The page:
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Sewing Machine Shopper's Guide

...aka "why you should just bite the bullet and buy an old European sewing machine" is up on my website.

Comments

( 8 comments — Leave a comment )
finickynarcane
Nov. 3rd, 2005 08:02 pm (UTC)
I have a 1952 Singer. I sew chiffon on it. I sew leather on it. Sometimes I remember to change the needle in between. I would NOT trade it for anything else. (I, also own an 8-thread serger. (yes, eight))
bovil
Nov. 4th, 2005 01:20 pm (UTC)
You're also not a beginning user. I've got a streamlined Kenmore (White "Family Rotary" series) from the same period, flat-bed, two stitches (forwards and back) and have made complete costumes using it and only it. I would heartily recommend it to someone looking for a second machine, but not to a beginner. The free-arm is just too valuable when starting out.
finickynarcane
Nov. 4th, 2005 03:20 pm (UTC)
I might not be a beginning user now, but I was when I started using that machine. It goes forward and backward. All of the costumes you've ever seen me in were sewn on it (and many you haven't).
bovil
Nov. 4th, 2005 06:22 pm (UTC)
I think they're great machines and often great bargains, but for someone with limited space (cabinets take up space, and I don't like these machines as portables at all) and for someone who isn't learning to sew from someone else who always used a flat-bed machine they're not the best choice.
trystbat
Nov. 3rd, 2005 08:53 pm (UTC)
Again, very useful! But for a beginner (or just s'one clueless about machinery, like me), you might add a glossary or explain things like rotary bobbin shuttles vs. oscillating shuttle & internal cam stacks. Or point to a site that has that kind of glossary or a diagram of a machine w/parts labeled.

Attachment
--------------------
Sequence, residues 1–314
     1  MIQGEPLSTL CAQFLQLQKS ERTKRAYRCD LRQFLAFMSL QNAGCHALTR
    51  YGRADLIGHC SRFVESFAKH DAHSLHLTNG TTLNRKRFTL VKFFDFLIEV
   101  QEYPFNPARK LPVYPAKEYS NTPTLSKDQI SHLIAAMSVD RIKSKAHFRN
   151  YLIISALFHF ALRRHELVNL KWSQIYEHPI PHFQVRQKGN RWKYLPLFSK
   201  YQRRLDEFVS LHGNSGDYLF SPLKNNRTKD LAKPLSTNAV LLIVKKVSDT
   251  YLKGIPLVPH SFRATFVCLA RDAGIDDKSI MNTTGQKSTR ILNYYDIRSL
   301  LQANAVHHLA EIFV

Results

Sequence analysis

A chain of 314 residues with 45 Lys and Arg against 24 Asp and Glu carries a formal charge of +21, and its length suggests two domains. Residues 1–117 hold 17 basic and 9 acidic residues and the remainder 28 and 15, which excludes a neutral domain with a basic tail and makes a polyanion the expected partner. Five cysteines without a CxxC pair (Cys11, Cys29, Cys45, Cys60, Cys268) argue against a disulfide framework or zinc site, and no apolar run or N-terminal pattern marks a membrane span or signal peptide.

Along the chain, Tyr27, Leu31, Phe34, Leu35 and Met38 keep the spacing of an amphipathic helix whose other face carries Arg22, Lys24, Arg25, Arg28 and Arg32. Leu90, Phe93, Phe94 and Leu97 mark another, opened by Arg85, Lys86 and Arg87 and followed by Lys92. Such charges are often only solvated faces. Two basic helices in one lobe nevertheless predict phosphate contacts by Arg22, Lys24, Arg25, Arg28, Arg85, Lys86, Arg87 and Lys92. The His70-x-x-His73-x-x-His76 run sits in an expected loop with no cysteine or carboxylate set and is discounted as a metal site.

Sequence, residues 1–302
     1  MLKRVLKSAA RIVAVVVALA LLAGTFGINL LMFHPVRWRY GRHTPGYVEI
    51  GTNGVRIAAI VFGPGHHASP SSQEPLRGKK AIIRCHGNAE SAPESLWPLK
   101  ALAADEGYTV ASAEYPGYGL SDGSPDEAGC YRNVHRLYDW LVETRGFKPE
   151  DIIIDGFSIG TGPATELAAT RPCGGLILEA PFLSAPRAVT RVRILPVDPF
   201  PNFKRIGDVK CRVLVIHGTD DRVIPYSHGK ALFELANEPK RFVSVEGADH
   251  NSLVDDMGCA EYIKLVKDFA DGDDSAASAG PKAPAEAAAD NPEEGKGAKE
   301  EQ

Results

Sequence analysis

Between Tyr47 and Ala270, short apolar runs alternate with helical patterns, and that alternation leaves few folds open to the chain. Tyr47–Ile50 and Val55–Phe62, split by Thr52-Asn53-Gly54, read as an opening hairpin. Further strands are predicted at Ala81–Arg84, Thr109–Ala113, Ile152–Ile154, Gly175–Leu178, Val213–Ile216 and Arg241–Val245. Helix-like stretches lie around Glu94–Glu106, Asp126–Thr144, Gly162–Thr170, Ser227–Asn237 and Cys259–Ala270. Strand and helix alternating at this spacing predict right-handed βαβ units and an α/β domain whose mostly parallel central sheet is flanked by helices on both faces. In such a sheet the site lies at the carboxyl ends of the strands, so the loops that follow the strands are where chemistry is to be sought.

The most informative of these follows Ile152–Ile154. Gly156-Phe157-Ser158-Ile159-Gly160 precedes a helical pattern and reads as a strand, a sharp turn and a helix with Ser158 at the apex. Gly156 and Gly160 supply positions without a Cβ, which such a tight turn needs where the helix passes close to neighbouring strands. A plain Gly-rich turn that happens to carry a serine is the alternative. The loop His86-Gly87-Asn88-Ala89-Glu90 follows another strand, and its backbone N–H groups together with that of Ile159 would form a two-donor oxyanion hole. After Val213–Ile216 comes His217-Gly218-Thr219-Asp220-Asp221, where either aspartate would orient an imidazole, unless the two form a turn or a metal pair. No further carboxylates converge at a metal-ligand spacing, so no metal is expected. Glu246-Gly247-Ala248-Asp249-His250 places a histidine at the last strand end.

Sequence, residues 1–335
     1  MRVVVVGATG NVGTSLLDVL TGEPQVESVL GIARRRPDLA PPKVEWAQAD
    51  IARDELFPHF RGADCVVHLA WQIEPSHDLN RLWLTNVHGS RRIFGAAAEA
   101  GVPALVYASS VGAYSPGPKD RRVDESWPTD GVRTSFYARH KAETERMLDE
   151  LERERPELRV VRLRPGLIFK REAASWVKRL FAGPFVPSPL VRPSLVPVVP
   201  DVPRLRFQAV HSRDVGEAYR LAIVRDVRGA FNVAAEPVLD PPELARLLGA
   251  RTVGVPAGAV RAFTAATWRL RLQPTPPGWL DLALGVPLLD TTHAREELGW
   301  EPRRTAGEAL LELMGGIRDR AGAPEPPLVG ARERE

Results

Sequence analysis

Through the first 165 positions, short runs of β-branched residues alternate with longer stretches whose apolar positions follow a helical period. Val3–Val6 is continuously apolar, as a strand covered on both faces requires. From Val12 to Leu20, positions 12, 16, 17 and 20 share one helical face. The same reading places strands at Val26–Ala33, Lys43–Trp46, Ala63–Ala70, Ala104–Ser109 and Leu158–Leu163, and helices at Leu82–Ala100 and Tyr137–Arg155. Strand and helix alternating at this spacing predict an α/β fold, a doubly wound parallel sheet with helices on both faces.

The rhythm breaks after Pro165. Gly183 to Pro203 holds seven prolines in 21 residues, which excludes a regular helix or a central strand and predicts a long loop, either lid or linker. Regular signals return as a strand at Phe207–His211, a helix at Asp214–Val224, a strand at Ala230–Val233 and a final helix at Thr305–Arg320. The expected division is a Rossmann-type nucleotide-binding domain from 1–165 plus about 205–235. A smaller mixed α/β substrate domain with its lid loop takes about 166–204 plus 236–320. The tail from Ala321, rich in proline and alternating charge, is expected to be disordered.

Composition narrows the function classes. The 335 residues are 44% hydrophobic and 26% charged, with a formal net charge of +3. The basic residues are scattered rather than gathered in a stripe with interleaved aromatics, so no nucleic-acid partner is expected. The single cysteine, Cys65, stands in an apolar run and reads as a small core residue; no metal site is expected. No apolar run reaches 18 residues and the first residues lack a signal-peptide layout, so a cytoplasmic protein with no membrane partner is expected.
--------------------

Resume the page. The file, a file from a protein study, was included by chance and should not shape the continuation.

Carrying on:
Sure, I've been sewing since I was 8, but I only recently figured out what all the little feet that came w/my machine do ;-)
bovil
Nov. 4th, 2005 01:17 pm (UTC)
Yeah, a "Sewing Machine Buzzwords" glossary would be good. I'll probably put the call out for people to point out things that they didn't understand about their machines.

I still don't know how to use the shirring plate on my old machine, and I've got the manuals.
lyzard13
Nov. 4th, 2005 02:13 am (UTC)
Good article!
Especially what to look for in a basic machine - good advice.

I remember the first sewing machine I ever bought - it was an old Singer. I bought it used from a sewing machine store in Chicago for $35 (a fortune for me in 1978) and took it home on the bus. Eventually it was replaced with a newer Singer by my ex around 1983 or so. Although I lust after the new machines every year at the county fair, I wouldn't trade my machine for anything. I can sew anything on it, leather, plastic, anything, and it just keeps working. It has a zigzag and a button hole maker, and that's about it for fancy features!
wyvernwell
Nov. 4th, 2005 10:54 pm (UTC)
Thank you! I've been on the search for a good machine for about a year now. My cluelessness has been abated somewhat by your article. Cheers!
( 8 comments — Leave a comment )